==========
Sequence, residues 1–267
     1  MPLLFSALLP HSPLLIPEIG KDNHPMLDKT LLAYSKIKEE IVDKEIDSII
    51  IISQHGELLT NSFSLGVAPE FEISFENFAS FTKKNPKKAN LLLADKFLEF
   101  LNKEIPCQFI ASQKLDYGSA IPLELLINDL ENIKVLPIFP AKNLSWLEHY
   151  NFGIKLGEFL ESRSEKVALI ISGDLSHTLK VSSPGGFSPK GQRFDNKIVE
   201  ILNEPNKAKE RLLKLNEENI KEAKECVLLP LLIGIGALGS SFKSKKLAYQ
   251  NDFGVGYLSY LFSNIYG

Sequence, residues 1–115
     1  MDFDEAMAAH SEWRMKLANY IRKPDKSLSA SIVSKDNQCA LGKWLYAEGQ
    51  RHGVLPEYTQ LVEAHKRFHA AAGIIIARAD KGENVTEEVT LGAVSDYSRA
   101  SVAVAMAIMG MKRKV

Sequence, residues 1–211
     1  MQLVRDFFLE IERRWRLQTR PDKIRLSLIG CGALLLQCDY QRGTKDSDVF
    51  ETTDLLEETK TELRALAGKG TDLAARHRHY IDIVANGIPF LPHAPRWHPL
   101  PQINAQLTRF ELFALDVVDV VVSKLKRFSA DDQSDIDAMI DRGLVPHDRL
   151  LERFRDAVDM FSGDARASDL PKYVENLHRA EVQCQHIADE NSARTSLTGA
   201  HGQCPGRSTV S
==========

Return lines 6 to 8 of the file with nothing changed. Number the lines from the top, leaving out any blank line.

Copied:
   201  ILNEPNKAKE RLLKLNEENI KEAKECVLLP LLIGIGALGS SFKSKKLAYQ
   251  NDFGVGYLSY LFSNIYG

Sequence, residues 1–115